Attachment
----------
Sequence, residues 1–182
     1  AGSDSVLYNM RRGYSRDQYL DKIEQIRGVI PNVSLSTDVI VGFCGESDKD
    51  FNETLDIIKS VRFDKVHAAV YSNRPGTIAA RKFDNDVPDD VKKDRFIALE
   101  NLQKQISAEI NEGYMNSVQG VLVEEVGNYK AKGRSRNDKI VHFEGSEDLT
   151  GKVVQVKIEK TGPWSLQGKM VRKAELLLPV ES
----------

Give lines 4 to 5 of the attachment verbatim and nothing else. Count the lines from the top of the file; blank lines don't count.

   101  NLQKQISAEI NEGYMNSVQG VLVEEVGNYK AKGRSRNDKI VHFEGSEDLT
   151  GKVVQVKIEK TGPWSLQGKM VRKAELLLPV ES